Drawn in by the prologue, I thirstily drank this story up in a few days, even though I had many other books I was supposed to be reading. The prologue is intriguing and an even better read a second time upon completion of the novel.

I like Jason, but I am glad when Abby starts to fall for Dante. The angst that Mangum creates by the price they have to pay for physically touching each other is brilliant. And I found it interesting how Dante and his associates can release the pressure of their existence through the arts.

I found myself wondering if the same allure that Abby feels for the exciting Dante, (as opposed to the predictable, safe Jason) is one of the false ideas that many people fall prey to in their marriages. Of course, it makes for an exciting novel, but in real life we find that the excitement mellows to a different sort of passion.

Purchase: The Hourglass Door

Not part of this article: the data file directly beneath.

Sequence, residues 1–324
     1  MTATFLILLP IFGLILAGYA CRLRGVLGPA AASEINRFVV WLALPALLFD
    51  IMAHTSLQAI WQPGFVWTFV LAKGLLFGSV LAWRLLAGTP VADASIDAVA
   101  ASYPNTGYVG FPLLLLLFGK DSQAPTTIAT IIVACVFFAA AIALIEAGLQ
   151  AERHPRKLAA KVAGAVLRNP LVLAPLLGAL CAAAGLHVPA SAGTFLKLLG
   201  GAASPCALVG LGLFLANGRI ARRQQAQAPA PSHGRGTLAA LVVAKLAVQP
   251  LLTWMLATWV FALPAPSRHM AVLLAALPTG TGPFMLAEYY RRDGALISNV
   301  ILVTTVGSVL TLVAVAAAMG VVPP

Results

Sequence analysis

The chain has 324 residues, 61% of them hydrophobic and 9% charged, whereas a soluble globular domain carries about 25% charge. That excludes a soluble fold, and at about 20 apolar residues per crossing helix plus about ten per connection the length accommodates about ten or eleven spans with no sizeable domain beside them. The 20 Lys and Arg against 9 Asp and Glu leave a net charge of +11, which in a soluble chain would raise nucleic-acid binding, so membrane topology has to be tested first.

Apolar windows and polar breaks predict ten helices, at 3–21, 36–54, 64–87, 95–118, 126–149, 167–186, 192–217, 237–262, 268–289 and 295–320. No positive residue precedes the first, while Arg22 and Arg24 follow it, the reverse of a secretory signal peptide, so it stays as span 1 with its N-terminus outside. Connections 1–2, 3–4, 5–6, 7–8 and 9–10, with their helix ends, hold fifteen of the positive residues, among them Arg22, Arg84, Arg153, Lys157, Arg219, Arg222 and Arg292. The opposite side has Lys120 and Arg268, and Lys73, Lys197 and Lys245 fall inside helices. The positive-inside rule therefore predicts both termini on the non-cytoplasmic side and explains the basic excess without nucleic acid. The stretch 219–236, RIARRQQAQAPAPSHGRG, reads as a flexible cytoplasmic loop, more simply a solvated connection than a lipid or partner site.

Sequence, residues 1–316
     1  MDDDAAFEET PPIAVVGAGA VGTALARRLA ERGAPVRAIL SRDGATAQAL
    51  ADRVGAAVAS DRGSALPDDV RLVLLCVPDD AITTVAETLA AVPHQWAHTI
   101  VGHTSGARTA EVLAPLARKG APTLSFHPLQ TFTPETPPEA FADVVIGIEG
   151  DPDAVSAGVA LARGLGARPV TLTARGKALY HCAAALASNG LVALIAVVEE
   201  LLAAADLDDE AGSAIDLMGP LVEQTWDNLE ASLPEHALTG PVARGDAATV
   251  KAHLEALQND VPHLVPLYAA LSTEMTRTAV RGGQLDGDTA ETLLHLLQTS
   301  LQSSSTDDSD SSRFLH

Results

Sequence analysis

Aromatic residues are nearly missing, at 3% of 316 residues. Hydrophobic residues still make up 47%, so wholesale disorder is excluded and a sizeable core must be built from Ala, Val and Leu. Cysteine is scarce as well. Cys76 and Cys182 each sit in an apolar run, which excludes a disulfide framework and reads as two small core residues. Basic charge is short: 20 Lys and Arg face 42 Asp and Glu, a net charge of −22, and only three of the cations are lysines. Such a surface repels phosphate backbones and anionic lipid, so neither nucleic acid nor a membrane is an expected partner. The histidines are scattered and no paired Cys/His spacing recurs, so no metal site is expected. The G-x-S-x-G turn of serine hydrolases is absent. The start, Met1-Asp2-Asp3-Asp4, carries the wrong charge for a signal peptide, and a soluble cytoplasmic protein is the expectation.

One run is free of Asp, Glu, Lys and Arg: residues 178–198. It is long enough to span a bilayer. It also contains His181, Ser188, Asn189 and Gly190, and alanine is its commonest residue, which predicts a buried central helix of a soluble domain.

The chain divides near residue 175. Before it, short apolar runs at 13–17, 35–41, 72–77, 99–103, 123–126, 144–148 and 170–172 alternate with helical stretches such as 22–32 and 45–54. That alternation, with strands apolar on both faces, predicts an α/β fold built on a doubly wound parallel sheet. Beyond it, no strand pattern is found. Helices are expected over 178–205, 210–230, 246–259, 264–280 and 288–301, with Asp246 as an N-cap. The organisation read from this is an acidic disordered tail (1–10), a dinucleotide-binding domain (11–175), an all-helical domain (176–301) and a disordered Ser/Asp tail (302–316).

Genre: YA
Publisher: May 13th 2009 by Shadow Mountain
Where I got the book: Deseret Book

Tuesday, November 9, 2010

Tasty Tuesday-Hot Fudge Cake

This Hot Fudge Cake from Annette Lyon's Chocolate Never Faileth cookbook is heaven.  I have never made a recipe that calls for a cup of cocoa!  It's oh, so rich, and delicious. 

Hot Fudge Cake

2 C. flour
3 C. sugar, divided
4 tsp. baking powder
½ tsp salt
1 C. cocoa, divided
1 C. butter, melted (cool a little; it should not be hot)
1 C. milk
2 t vanilla
1 C. nuts, chopped (optional)
3 C. hot water

Preheat oven to 350. In a 9x13 pan, combine flour, 1 ½ C. sugar, baking powder, salt, and ½ C. cocoa. Mix well. Add the butter and mix again. Add milk and vanilla, mixing with a fork until well blended. Use some muscle to get out the lumps as best you can. In a small bowl, combine the remaining 1 ½ C. sugar, remaining ½ c cocoa, and nuts (if desired). Sprinkle this mixture over the batter in the pan. Pour 3 C. hot water over the entire pan. Do not stir. Bake for 40 minutes. Remove from oven; allow the cake to set for 10 minutes (it will finish baking outside the oven). The cake forms a cakelike crust on top with a puddinglike fudge layer underneath. Serve hot with vanilla ice cream on the side.

Source:  Annette Lyon's cookbook, Chocolate Never Faileth

Monday, November 8, 2010

Interview with Annette Lyon

How much fun is a cookbook that is dedicated solely to chocolate?  Annette answered some of the questions I had about her book, Chocolate Never Faileth.  I think you will find it interesting.